Pablo Picasso

Pablo Picasso “Child Holding a Dove” 1901

National Gallery, London

Analysis: Teacher’s Notes

Doves are a recurring theme in Picasso’s work. His father bred them and many of his childhood sketches included them. This work also represent’s a return to thoughts of his childhood and memories of his sister Conchita who died of diphtheria in 1895. Following her death, Picasso’s work took on a new maturity and this contributed to the melancholy theme of his ‘Blue Period’.

“Child Holding a Dove” is painted just prior to the commencement of Picasso’s ‘Blue Period’ and clearly shows the influences which shaped his early work. Renoir’s gift for capturing the innocence of children without sentimentality is shown here together with the colour and contour of Gauguin. Traditional Spanish painting also helped shape Picasso’s early stage and we can see movement away from the flat expanses of colour used by the Impressionist’s and the development of the moody spirit of desolation that characterized his ‘Blue Period’.

At this time, Picasso was still living in Spain but travelled to Paris frequently and his work begins to take on a Parisian feel while still remaining essentially Spanish.

Pablo Picasso “Mother and Child on the Seashore” 1902

Christies, London

Analysis: Teacher’s Notes

This is one of the ‘Mastenite’ paintings of Picasso’s ‘Blue Period’ and shows a woman clutching on infant. The work illustrates the themes of poverty, blindness, love, death and maternity, which appear constantly throughout this period and centre around the seated figures of woman. Picasso used disease ridden prostitutes from the saint-lazone prison hospital as models for these works and their plight and the pathetic nature of their circumstances disturbed him deeply and accelerated his transition to blue paintings of unhappiness.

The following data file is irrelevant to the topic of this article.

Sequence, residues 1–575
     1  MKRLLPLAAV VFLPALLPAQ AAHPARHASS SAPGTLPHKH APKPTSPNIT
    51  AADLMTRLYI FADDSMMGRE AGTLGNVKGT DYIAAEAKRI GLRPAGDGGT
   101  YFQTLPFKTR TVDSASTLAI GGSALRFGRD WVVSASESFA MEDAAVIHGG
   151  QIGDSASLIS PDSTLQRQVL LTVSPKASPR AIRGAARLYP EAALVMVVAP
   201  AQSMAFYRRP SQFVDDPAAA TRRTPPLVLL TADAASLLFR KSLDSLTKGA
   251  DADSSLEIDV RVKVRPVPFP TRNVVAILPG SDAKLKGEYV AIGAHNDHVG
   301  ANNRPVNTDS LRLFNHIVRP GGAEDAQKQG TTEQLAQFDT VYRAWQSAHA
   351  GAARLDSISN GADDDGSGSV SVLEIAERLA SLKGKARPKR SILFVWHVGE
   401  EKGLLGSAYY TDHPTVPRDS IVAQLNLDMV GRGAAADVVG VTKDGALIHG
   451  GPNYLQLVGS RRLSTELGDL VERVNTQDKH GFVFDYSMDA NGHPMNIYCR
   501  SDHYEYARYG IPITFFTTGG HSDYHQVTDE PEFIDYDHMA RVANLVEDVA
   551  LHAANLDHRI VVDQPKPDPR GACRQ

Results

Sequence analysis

Picasso’s subject wears the large wrap-ground show commonly worn by Spanish women at this time and many refer to the work of El Grreco which often featured a similar garment.

This was one of the few paintings Picasso sold during these early years and was bought by the wife of his paint supplier.

Pablo Picasso “Les Desmoiselles d’Avignon” 1907

Museum of Modern Art, New York

Analysis: Teacher’s Notes

“Les Desmoiselles d’Avignon” was created from Picasso’s memory of Barcelona prostitutes standing in the entrance to a brothel on the carrera d’Aviyo and was met with shock and discomfort by his contemporaries. Picasso was heavily influenced by an exhibition of African art shown at the Trocadero and repainted the faces of the outer forms.

This is a very brave painting as Picasso had become relatively successful, yet he abandoned this to adopt a style which was a style which was a more powerful expression of the emotions which troubled him. It is a shockingly brutal destruction of the human figure which is quite unparalleled in western art and marked a turning point for both Picasso and for 20th century art in general.

The geometric nature of cubism is evident in the construction of the women who seen to stare viciously at the viewer.

Pablo Picasso “The Bathers” 1918

Musee Picasso, Paris

Analysis: Teacher’s Notes

“The Bathers” was painted during the summer of 1918 towards the end of the war when Picasso discovered a beach of Biarritz, which was so seduded that it was almost possible to forget the horrors of the war. It is a frenzy of coloured rhythms. The distortion of the Mannerist painter parmagianino are pushed to the extreme and the work also shows some debt to the romantic painter Ingres.

The painting features exuberant colour and features two figures revelling in the open air.

Newly married to Olga Koklova, Picasso opent much of his time painting in his studio art Biarritz. This was a relatively happy time for him and his output became very high.

“The Bathers” is one of the most exemplary creations of this time. A robust and vibrant composition, which was later used as a model for the murals painted on his bedroom wall.

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